So where does this leave us politically? I suspect that eventually just about everyone will be forced to concede that the politics on both sides of the spectrum are flawed to the extent they underestimated that TECHNOLOGY, more so than policy, would dictate the terms of our lives. The Blame Games simply won’t hold up to the undeniable reality that the kind of economy High Tech facilitates is one in which losses — be it jobs or income — outpace gains. For now, those online bargains make it look like we have more retail diversity than ever, but what we really have is a price war that is eroding profitability for all involved. Therefore, we have ironies such as the fact that newspapers have never had so many readers but so little profits by which to sustain their print and web presence. Consequently, sites devoted to small businesses and e-commerce have entire articles dedicated to the conundrum of how to compete for market share in a legal environment that has even begun to condone price fixing (the Supreme Court having recently removed antitrust prohibitions). Keep it up and more and more conventional retailers will lay people off even as they expect more and more shoppers to take advantage of online shopping. And in just a matter of time wholesalers will bypass retailers and middlemen entirely in favor of direct sales to the public. In short, a Made to Order form of Commerce — Manufacturing On Demand — in which the customer is lined up before the product is even built. This kind of future can only play out in an Internet commerce era. And while the New Economy will continue offer its share of profitable opportunities, it will take a lot more wind out of our economic sails than it injects on the whole.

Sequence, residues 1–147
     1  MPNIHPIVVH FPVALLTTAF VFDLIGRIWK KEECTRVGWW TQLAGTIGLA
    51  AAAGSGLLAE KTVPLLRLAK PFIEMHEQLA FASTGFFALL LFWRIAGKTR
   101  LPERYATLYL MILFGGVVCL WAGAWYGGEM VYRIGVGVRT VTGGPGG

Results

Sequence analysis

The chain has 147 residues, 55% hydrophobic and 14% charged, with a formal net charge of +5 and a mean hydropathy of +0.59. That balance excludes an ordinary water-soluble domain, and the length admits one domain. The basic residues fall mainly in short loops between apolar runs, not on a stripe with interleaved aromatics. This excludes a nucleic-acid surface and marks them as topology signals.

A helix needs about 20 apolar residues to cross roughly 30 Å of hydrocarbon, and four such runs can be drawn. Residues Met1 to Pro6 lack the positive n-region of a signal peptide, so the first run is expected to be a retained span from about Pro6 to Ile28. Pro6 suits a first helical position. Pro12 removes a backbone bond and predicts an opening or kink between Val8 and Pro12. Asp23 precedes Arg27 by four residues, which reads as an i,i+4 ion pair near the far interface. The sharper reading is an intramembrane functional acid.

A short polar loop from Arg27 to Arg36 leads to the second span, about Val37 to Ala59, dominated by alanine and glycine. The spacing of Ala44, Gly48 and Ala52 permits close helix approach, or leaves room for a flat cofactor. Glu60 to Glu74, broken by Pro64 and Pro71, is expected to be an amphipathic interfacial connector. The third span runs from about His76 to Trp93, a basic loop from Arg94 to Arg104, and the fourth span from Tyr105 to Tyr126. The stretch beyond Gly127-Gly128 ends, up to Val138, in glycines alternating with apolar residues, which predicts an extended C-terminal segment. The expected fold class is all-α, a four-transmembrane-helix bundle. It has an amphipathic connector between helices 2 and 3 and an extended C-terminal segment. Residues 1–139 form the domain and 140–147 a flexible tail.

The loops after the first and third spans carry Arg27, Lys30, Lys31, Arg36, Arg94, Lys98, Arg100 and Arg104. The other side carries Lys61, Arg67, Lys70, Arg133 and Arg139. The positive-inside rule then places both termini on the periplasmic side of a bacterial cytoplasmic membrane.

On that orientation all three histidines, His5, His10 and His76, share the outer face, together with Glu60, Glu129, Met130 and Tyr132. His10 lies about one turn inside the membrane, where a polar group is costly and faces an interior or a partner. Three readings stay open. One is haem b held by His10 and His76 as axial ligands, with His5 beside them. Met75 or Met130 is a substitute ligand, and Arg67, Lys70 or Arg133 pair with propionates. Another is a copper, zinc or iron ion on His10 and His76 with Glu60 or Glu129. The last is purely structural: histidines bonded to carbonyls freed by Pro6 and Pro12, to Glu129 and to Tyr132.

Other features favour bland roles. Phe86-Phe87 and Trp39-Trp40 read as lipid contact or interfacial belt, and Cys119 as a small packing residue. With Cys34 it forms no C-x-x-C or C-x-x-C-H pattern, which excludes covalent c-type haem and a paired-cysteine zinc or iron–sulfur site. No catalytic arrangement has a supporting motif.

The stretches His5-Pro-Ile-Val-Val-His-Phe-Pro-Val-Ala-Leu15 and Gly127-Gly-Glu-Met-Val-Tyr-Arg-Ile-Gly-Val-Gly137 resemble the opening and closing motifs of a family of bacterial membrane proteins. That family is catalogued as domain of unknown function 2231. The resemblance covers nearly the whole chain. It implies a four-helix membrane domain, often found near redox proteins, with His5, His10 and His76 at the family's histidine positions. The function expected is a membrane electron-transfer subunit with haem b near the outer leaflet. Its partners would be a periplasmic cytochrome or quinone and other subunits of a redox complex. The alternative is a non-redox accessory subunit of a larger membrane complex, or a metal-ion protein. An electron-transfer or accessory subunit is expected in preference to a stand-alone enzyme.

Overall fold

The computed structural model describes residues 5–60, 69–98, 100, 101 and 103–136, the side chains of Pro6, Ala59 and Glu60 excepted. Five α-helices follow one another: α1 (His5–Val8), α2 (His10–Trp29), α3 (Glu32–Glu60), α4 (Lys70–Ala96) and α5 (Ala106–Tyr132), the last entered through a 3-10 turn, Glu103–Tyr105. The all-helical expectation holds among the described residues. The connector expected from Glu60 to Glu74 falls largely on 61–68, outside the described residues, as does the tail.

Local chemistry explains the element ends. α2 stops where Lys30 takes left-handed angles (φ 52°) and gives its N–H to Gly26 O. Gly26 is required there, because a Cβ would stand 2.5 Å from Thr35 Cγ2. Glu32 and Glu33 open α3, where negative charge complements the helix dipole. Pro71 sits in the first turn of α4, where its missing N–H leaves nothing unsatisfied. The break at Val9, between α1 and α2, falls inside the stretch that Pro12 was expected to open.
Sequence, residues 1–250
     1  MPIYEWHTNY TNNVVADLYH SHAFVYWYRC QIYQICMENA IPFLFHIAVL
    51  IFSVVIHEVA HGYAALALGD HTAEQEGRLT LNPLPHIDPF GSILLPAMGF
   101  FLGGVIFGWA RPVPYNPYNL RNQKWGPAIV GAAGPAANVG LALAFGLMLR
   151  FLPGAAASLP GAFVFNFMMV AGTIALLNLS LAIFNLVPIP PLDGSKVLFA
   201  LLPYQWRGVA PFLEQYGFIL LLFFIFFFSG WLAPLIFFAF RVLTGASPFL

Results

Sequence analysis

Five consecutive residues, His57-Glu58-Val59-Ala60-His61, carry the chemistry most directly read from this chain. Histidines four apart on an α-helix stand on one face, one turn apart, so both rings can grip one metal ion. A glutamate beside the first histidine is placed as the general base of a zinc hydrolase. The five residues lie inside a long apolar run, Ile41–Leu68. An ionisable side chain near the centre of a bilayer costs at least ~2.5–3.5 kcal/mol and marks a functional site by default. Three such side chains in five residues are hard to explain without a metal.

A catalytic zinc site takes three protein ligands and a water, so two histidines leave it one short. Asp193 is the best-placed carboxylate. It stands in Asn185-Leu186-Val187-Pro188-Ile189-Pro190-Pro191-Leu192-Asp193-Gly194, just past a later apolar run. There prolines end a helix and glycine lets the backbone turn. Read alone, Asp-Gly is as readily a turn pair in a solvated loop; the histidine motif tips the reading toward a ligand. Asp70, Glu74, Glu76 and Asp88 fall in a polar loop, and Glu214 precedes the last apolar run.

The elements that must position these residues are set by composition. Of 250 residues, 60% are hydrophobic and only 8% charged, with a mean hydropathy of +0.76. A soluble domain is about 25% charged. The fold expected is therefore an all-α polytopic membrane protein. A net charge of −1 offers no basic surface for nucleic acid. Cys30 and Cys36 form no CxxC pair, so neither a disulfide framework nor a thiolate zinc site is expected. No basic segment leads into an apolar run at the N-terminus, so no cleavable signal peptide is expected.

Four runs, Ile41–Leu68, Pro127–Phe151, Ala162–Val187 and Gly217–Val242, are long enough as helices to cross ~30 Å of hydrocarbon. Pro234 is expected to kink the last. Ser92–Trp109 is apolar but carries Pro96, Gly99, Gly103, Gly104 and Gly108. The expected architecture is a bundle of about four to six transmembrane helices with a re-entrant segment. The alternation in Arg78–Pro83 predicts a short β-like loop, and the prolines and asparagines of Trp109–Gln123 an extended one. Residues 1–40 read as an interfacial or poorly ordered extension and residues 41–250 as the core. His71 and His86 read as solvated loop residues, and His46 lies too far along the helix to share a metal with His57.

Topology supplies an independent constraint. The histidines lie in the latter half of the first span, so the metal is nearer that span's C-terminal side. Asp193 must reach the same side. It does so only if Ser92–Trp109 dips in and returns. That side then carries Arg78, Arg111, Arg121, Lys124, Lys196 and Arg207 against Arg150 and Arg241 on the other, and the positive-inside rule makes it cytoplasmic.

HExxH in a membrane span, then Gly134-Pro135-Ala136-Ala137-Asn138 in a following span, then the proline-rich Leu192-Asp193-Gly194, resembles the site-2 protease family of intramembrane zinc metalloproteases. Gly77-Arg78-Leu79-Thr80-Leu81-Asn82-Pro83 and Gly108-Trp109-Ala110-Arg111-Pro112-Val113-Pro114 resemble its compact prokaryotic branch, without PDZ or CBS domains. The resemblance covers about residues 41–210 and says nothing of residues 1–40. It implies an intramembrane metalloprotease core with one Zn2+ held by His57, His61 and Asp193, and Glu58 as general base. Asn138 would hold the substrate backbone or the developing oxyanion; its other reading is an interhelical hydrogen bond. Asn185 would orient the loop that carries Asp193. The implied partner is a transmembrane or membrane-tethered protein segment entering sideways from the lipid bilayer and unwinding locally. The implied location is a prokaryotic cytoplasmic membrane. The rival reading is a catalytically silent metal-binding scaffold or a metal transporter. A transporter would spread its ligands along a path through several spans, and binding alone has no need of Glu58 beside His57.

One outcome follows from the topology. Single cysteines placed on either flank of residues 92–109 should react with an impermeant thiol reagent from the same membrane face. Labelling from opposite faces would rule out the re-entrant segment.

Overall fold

So how, exactly, does this tie in with “The Broken Society”?

Once people realize that the Great Recession won’t transform into a Great Rebound they’ll awake to the realization that socialism and free market ideas are both fatally flawed in their own way. If communitarianism means the search for a happy medium and pragmatic political policy instead of “one size fits all” proclamations from the far Right and far Left, that’s where our thinking should head because that’s what the TECHNOLOGY will demand of us.

No worries here: I’d rather be accused of idealism than apathy. It’s not too late to let our pocketbooks do the talking — and the walking.

avatar D.W. Sabin March 26, 2010 at 9:01 am

….”Anti-Social Behavior Ordinances”.

Guilty as charged. No wonder they’re privatizing and building jails like mad.

I guess disturbing the peace and assault laws are not enough for this feel-good modern society. We musn’t have our finer sensibilities offended while the Totalitarian Maw chews a hole through any recognizable remains of civilization.

Is mooning one of the million cameras recording the lives of Londoners considered “anti-social?

avatar Gene Callahan March 26, 2010 at 9:48 am

“Eventually the light bulb will flicker on above our heads and people will remember that all jobs are ultimately local. All commerce is local. And all those points between supplier and consumer represent monetary handoffs — much needed employment — in the economy.”